As the current debate on gun control in the wake of the latest school shooting horror rages on, numerous demands for policy changes are being made. I’d like to suggest that each new policy proposal be subjected to three questions, and that unless all three questions can be answered in the affirmative, the proposal in question should be scrapped:
First: Does the proposal uphold the principle that the shooter knew what he was doing and therefore should be held responsible for his actions, regardless of the actions, or lack thereof, of others? These days one’s hearing a lot of people claiming that the murders are the fault of Donald Trump, or Wayne LaPierre, or the Republican Party, or the NRA. I personally think that the murders are primarily the fault of the murderer, and that to try to blame others is to diminish the blame which I think should be attached to him. If we diminish his blame, we diminish the degree to which he can be punished. This becomes especially true if we shift the focus of our national debate from gun control to mental illness. Many folks at my end of the political spectrum want to do so, and I suspect that gun control advocates may have at least a partial point in charging that to the purpose of the shift has more to do with making people think less about gun control than it has with actually providing more effective mental health policies. Of course, it’s possible that new mental health policies could lead to the detection of possible shooters before they go on rampages, and that would obviously be beneficial. But consider the case of John Hinckley, the monster who shot and would President Reagan, a Secret Service agent, and two other law enforcement officials. He was found NOT GUILTY by reason of insanity and committed to a Washington DC mental hospital. He has since been released and is living with his mother. I leave it to the reader to determine whether we’re safer because a man who tried to kill four others, including the President of the United States, is now free, subject to only minimal supervision. As far as I’m concerned, any proposal that would diminish the degree to which a killer or would-be killer is held responsible for his actions, and increases the chances that he will one day be free to live among us again, should be rejected out of hand. Incarceration without possibility of release, whether in a prison or a psychiatric hospital, should be the minimum sentence available. Of course, under the circumstances of the latest horror, the death penalty seems appropriate too.
Second: Would the proposal, if properly implemented, have had a chance of actually preventing the shooting which inspired it, or at least reduce the chances of future shootings? I personally like the idea of armed and uniformed guards in our public schools, who can either deter would-be shooters from attacking, or shoot and possibly kill those who do attack. An ardent gun control advocate told me the idea was poor, because the school resource officer at the most recent massacre obviously neither deterred the shooter nor fought back. But one failure should not condemn the basic idea to rejection. Depending on the quality and ability of the guards at other schools, a future shooting might have a different and less tragic outcome. There’s nothing inherent to the idea itself that indicates it will never work in practice.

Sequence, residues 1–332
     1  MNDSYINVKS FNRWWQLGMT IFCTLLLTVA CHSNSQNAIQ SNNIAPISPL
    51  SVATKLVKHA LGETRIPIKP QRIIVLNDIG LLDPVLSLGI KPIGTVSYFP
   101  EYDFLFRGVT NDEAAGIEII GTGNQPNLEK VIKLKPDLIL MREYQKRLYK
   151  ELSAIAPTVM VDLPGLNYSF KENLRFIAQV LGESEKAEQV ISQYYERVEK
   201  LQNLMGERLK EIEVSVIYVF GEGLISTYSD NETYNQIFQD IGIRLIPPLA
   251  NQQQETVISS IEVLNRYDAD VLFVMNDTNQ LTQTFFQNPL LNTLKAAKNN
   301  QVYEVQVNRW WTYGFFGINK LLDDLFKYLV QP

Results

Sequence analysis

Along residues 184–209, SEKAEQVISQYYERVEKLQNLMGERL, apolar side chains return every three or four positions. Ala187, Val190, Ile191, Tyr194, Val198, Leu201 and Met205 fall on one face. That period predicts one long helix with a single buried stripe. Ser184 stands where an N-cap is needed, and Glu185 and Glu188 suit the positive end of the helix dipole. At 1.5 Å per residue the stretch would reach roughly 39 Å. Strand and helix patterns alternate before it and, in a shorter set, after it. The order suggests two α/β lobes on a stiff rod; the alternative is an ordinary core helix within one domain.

Third: Will the policy preserve, protect, and defend the right of We, the People, to acquire and use guns for self-defense? No right is more basic than the right to life, which is listed as the first right in the Declaration of Independence, because without life, one has no other rights. Indeed, the Declaration of Independence said that the purpose of government was to secure our God-given rights to life, liberty, and the pursuit of happiness, and that a government unwilling to do so forfeits its right to govern. Any policy change that weakens the right of the mentally sound and law abiding citizen to protect himself—i. e., his right to life—violates the spirit of the Declaration, and We, the People, should do all we legally can to preserve, protect, and defend our right of self-defense, especially since governments at several levels has proven themselves imperfect at best, and pathetically lacking at worst, in their ability to protect our right to life. The Sutherland Springs monster was able to buy his gun because sloppy record keeping kept his name off a government list of those who were legally prohibited from doing so. The FBI failed to follow up on a credible report that the latest monster was an atrocity waiting to happen, and the staff of the Broward County Sheriff—especially the school resources officer at the site of the atrocity, failed to take adequate action once the shooting began.
I personally favor some gun control measures, including background checks, the denial to criminals, those with a history of violence, and the mentally ill of the right to buy guns, and the provision of well-trained and courageous armed and uniformed guards at our schools. But we must never let murderers escape the responsibility for their actions, we must never forget that those officials charged with protecting our rights to life, liberty, and the pursuit of happiness are fallible, and we must never surrender our rights to self-defense—especially if our governments are unable or unwilling to defend us.
Malcolm L. Cross has lived in Stephenville and taught politics and government at Tarleton since 1987. His political and civic activities include service on the Stephenville City Council (2000-2014) and on the Erath County Republican Executive Committee (1990 to the present). He was Mayor Pro Tem of Stephenville from 2008 to 2014. He is a member of St. Luke’s Episcopal Church and the Stephenville Rotary Club, and does volunteer work for the Boy Scouts of America. Views expressed in this column are his and do not reflect those of The Flash as a whole.